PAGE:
Friday, July 29, 2011
Shroud of Despondency - Fairytales From The Tunnel of Puke (2011)
Band: Shroud of Despondency
Country: Milwaukee, Wisconsin
Style: Progressive Black Metal
Shroud of Despondency have been on quite the hot-streak this year, since the release of what is probably their most acclaimed record to date, "Dark Meditations In Monastic Seclusion," they've released a slew of new material. Another full-length, live album, and demo later we have this album. It's kind of weird going back to this band a few months after listening to "Dark Meditations..." and finding out that you've kind of lost track of what's been going on with them.
If the opening of I'm Nothing Forever doesn't demonstrate that these guys are moving into a much more progressive, and at times abstract, sound, than nothing will. The opening clean guitars bring together quite a different sound than on "Dark Meditations..." and the inclusion of a saxophone is also a noticeable shift. The rest of the album never really reaches that same level of weirdness, but further experimentation with more country and folk, progressive metal, and doom metal can be heard all over the album, with Death's Paralyzing Sense of Reality being noticeable for featuring a little of all three. I really have to compliment the vocalist, because I can still remember that his vocals didn't really feel right for the band back on "Dark Meditations...," but on here he feels a lot more comfortable with the band and his style is a lot better, making use of a more traditional style of screaming.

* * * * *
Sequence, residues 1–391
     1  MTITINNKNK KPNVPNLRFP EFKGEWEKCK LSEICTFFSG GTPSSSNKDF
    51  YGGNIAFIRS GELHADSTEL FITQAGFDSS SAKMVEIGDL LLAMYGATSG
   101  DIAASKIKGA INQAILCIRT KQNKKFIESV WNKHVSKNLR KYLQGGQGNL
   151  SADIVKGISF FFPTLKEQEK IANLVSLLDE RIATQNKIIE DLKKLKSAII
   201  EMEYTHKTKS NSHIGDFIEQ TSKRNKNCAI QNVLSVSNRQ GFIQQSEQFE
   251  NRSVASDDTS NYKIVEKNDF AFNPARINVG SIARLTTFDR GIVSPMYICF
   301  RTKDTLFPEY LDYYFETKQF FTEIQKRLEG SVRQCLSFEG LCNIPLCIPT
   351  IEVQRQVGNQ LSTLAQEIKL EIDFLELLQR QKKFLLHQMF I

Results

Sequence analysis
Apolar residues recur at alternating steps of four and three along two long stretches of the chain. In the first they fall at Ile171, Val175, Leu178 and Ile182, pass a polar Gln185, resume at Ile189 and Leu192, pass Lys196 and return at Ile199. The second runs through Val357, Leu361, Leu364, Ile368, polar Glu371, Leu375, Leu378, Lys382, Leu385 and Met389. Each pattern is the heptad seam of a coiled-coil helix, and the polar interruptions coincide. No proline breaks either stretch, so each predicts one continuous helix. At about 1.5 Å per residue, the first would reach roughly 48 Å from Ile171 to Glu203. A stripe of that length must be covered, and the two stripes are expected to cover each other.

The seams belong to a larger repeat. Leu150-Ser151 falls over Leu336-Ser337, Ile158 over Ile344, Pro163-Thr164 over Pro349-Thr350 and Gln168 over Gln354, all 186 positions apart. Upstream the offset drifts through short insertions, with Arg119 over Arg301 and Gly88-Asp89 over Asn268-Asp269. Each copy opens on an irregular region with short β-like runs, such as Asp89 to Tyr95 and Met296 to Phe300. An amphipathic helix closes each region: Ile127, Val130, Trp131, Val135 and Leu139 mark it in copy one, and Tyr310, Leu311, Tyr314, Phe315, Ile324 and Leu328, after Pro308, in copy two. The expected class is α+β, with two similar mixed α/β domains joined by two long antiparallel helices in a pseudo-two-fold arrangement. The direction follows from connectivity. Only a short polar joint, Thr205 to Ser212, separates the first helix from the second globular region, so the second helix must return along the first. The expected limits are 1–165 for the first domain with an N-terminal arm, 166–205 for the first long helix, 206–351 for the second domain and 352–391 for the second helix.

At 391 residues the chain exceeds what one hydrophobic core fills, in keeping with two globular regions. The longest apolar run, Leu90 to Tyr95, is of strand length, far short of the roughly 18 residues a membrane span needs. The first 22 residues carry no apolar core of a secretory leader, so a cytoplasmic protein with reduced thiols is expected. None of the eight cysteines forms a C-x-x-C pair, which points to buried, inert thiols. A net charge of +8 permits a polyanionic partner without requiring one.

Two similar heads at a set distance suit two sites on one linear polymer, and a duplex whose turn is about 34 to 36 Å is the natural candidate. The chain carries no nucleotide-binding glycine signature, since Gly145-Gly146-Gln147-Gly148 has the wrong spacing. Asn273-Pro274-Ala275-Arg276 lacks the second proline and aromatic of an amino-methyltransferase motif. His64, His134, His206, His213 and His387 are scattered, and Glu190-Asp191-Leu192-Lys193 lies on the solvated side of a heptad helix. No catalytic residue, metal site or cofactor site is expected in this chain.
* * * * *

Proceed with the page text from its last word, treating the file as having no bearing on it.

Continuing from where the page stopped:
While I'm not quite sure that one could really call this an improvement over the last album, subjective opinion, but I certainly would, musically speaking anyway. The production is quite shabby, which would certainly lend itself to the idea that this is more of a demo. The drum sound on here is quite tinny sounding and the vocals are recorded in a way that makes it sound like the vocalist is whispering instead of screaming. The keyboards also feel a bit too loud in the mix at times, kind of ruining a good atmosphere the band have going. Having said all of that, I feel like the production works well when the band pull out the acoustic guitars, Caving Grounds of Pseudo Enlightenment, because it has a very nice warmth to them that I feel isn't found in a lot of more produced recordings.
While I feel the production really hindered this recording, I really like where the band is going on here. There's a definite sign of improvement as well as a movement towards what could be a more original sound, despite all the experimentation on here. Check it out if you like experimental black metal.
Overall Score: 8
Highlights: Hope Spawns Greed, Three Out of Four People, Death's Paralyzing Sense of Reality